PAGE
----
Stone Temple Pilots
Stone Temple Pilots
By David M. Goldstein | 5 June 2010
There’s this radio station based out of Hartford, CT called 106.9 WCCC (We are ConneCtiCut, natch!) notable for being independently owned and for having hosted one of Howard Stern’s earliest paying gigs in the late 70s. It bills itself as a “people’s station” of sorts; no portion of their airtime is ever pre-recorded. Of course, this doesn’t change the fact that nowadays the station is still devoted to mostly playing the type of late 90s/early aughts fake metal bands that, like so many (Papa) roaches, refuse to die. This all I mention for solely one reason: WCCC was the place where I first heard Stone Temple Pilots.
It’s probably just rosy nostalgia talking, but the station seemed a lot cooler when I was 15, back then featuring larger doses of classic rock in the mix and more interesting DJs. Best of all was the weeknight “Battle of the Bands,” wherein the DJ pitted two songs against one another in mortal combat. It was the first time I was exposed to the likes of Mother Love Bone and Monster Magnet—what was better was that the callers took this shit extremely seriously, purposely voting against superior songs just to keep them from winning five nights in a row and thusly entering the so-called Hall of Fame. I listened to this bit religiously for three years and could only recall two songs achieving said status: Pantera’s “Hollow” and STP’s “Plush.”
And my barely post-pubescent self liked the latter song a lot too, but not enough to actually buy a copy of Core (1992)—because that would have been uncool. Authenticity (or the illusion of same) was all the rage in the early 90s, and I had already thrown my flannel shirt in the ring with the more critically acceptable likes of Nirvana and Pearl Jam.
But time has been kind to Stone Temple Pilots. No, really. Seriously. Once dismissed as uber-derivative lunkheads credited with ushering in the second-hand grunge era in which any band with drop-D tunings and a bad attitude wound up on a major label, now we can view them for what they actually were: a harmless shoulder shrug of a rock and roll band with a good collective ear for single-craft. “But Dave,” Clayton Purdom opines, “Scott Weiland.” Understood, and granted, he lags just behind Pete Doherty on the scale of junkies that nobody really feels sorry for, his only rival for 90s lyrical atrocity one Anthony Kiedis. But I still contend that he sounds far less like Eddie Vedder than his detractors once claimed, and “Vasoline” and “Interstate Love Song” are 90s classics on an unfuckwithable level akin to Gin Blossoms’ “Hey Jealousy.” No; really.
So now they’re back together after an acrimonious 2003 split, and it would have been plenty easy for them to re-issue another singles package and make bank by rolling out the hits every night. But like the Stooges and Jane’s Addiction before them, Stone Temple Pilots presumably feel the need to justify their existence with a new record. Said new record is what one would expect: wholly similar to their first three records in that it’s got three possible hit singles, a useless Side B, and is proudly derivative of at least six other bands. They are amusingly impervious to trends. So long as you can get your head around the fact that it’s, y’know, Stone Temple Pilots, this, their self-titled sixth full-length, is far better than any pointless reunion album needs to be.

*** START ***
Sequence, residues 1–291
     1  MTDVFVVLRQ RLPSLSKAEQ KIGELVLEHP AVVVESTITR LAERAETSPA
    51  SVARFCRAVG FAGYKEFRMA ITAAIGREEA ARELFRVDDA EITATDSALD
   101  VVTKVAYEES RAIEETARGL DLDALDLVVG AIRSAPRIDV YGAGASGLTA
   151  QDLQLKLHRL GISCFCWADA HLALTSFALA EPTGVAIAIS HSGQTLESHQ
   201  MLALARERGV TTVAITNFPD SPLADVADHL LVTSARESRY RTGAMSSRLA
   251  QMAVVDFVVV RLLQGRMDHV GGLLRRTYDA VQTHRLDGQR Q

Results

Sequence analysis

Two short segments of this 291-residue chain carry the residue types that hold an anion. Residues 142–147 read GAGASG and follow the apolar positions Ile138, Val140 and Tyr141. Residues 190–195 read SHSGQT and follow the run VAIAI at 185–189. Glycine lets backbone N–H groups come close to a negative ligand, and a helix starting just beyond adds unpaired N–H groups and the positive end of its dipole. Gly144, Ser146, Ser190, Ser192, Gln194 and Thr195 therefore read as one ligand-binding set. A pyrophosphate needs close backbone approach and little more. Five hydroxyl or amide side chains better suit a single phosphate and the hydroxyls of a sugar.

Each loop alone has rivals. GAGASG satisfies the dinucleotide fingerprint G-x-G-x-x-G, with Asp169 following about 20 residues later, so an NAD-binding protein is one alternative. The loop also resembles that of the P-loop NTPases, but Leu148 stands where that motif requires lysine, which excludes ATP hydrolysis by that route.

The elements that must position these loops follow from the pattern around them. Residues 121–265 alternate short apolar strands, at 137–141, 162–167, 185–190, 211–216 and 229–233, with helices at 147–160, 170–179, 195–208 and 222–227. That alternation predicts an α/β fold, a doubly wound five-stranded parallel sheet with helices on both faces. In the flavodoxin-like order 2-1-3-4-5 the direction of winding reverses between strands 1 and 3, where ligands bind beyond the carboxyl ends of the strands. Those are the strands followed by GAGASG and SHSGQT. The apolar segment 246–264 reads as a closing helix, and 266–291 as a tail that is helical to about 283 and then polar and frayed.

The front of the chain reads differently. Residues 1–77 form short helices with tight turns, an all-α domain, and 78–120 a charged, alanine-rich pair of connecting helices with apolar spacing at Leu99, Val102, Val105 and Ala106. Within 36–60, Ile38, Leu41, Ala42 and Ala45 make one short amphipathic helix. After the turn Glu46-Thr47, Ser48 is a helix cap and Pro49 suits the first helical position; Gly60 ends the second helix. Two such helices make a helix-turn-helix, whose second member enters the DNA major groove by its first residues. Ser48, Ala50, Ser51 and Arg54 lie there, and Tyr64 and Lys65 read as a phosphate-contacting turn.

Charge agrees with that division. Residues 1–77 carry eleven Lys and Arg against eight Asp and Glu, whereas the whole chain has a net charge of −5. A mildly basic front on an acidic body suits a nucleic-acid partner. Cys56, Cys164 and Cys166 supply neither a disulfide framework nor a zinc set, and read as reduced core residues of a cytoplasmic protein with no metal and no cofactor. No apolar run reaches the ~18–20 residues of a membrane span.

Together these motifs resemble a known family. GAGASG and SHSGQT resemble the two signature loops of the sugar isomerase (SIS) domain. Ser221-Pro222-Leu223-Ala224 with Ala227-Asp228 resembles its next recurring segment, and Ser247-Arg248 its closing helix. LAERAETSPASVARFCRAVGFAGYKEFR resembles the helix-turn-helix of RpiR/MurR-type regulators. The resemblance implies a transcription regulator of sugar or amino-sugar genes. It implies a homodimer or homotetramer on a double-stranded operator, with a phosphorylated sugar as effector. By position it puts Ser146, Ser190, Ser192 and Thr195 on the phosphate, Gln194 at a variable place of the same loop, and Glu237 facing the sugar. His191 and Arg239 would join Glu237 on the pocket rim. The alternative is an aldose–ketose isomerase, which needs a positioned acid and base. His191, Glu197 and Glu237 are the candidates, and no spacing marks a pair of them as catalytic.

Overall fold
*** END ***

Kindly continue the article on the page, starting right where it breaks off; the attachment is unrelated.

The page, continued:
Lead single “Between the Lines” (“Really love to fish / But hate superficial people!” Yeah!) boldly steals the middle eight from Nirvana’s “Stay Away”; “Huckleberry Crumble” sounds like it was written for Steven Tyler to sing; and “Dare if You Dare” is Mott the Hoople’s “All the Young Dudes” in a different key (Scott Weiland has never been exactly shy about his Bowie obsession). So what? Stone Temple Pilots have never really aspired to be anything other than a good-timey jukebox, and they’re always considerably easier to stomach when they’re obviously lifting from other bands as opposed to when they’re making a concerted effort to be serious creative forces, which is the case for this album’s final three (terrible) songs. Everything sounds like everything else these days; derivation is often used as a sword by critics when they’re pre-conditioned not to like something. (Ever hear someone rip Amnesiac  for jacking Laughing Stock ? Didn’t think so.) Sure, Weiland’s lyrics are still rife with “did he actually just sing that?” moments (my current favorite being “Yeaaaah, it’s alriiiight / As we mosey on into the niiiiight!!”), but there’s an undercurrent of dumb fun at work here that’s simply too harmless to get worked up about.
So it once again appears that I’m CMG’s resident asshole, sticking up for early ’90s scrunge rock. I’m OK with that. Stone Temple Pilots were slavish imitators, and yet not nearly as awful as most would have you believe; originality is overrated when good singles are so hard to write. Stone Temple Pilots is not only a good reminder of this, it’s a great reminder of, after so much bullshit, what the band could be at their best. And now’s when you Google Monster Magnet to see if “Space Lord” has ever been topped.